“It can be difficult for consumers to tell what is really safe,” the vice president of Eastman’s specialty plastics division, Lucian Boldea, said in one web video, before an image of a pregnant woman flickered across the screen. True as far as that goes but that doesn’t necessarily reassure consumers. The recycle code can help reduce risks – “The number 7 doesn’t necessarily mean the product contains BPA,” according to Rebecca Roberts, PhD, a BPA researcher and assistant professor of biology at Ursinus College in Collegeville, PA. “It means it might.” Seven signifies a group of miscellaneous plastics including polycarbonate plastic (BPA is used to harden this type of plastic). The number 3, which stands for Poly-vinyl Chloride (PVC), may also contain BPA, whereas the numbers 1, 2, 4, 5, and 6 are very unlikely to contain BPA. Our Origins plastics are primarily #2 HDPE, some # 4 LDPE and a small amount of #5 Poly-propylene. But since the numbers 7 and 3 don’t always mean the product contains BPA, how can you know what to toss and what to keep? “Unfortunately, there’s no real way to tell,” says Roberts.
As long as we live and breathe and our hearts beat, Life will continue to present complex safety concerns. Living is dangerous and no more so, than in our modern times with the prevalence of volumes of chemicals with little known side effects and a lot of suspicions. I believe that controversies can be good for materials and the public health. Cork experienced a similar phase, when age-old practices were shown to contribute to a concern known as cork taint. Into the fray, came metal screw caps and synthetic cork forms as replacements. Natural cork producers responded by improving their practices to take the production of cork to food or pharmaceutical grade safety. Even though “cork taint” was addressed, the industry must now make the case (which can be ably made) that natural cork has aspects that make paying more worthwhile.
Dr Paulo Lopes explained his research in conjunction with the University of Bordeaux. It suggests that bottles sealed with cork do transmit oxygen to wine, but there is no ingress of external oxygen: 90% of cork’s structure is air, so cork itself is responsible for transmission to the wine. Screwcaps, on the other hand, are basically impermeable and run a risk of ‘reduction’ (sulphide problems), whilst synthetic closures allow ingress of atmospheric oxygen, failing to maintain their seal over time. Dr Lopes’s hypothesis is that cork is the best ‘balanced’ of the closure materials, and given careful quality control in manufacture, does not allow atmospheric ingress or high variability.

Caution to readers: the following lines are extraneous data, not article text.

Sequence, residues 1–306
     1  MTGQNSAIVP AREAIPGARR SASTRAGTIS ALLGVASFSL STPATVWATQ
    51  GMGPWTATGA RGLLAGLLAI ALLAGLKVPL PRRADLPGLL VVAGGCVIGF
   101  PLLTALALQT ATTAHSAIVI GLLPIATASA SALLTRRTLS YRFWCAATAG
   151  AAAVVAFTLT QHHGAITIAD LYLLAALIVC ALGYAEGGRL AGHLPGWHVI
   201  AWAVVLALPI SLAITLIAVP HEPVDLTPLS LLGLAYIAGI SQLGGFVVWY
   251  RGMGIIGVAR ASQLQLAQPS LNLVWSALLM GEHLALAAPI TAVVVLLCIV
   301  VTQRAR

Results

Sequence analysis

As environmentalists and parents, we are willing to pay more for higher quality foods and products. As business people, we support the usage and recycling of plastics and wine cork stoppers. Knowing what’s best is never easy in a modern world full of conflicting and abundant information. We can each, only do our best.
~ Information Resources
“Research Debates BPA’s Influence in the Womb” by Dale McGeehon posted Feb 13, 2013 – http://www.polymersolutions.com/blog/research-debates-bpas-influence-in-the-womb/
“The Scary New Evidence on BPA-Free Plastics – And the Big Tobacco-style campaign to bury it” by Mariah Blake published in Mother Jones March/April 2014 Issue – http://www.motherjones.com/environment/2014/03/tritan-certichem-eastman-bpa-free-plastic-safe
“Plastics, safety and the media” by Don Loepp posted March 10, 2014 in Plastics News – http://www.plasticsnews.com/article/20140314/OPINION01/140319934/plastics-safety-and-the-media
“11 Ways to Lower Your BPA Exposure” by Katie Kerns posted at Everyday Health – http://www.everydayhealth.com/healthy-home-pictures/11-ways-to-lower-your-bpa-exposure.aspx#/slide-1
“Wine Cork Tile Introduction” by Stephen & Deborah Yemm published 2014 at Yemm & Hart website – http://www.yemmhart.com/materials/winecorktile/wct_introduction.html
“Cork fights back” by Tom Cannavan posted July 2008 on Wine-Pages – http://www.wine-pages.com/features/amorim-cork.htm
“Origins Introduction” by Stephen & Deborah Yemm published 2014 at Yemm & Hart website – http://www.yemmhart.com/materials/origins/originsintroduction.html
Blog author ~ Deborah Hart Yemm is co-founder of
Yemm & Hart, a green materials producer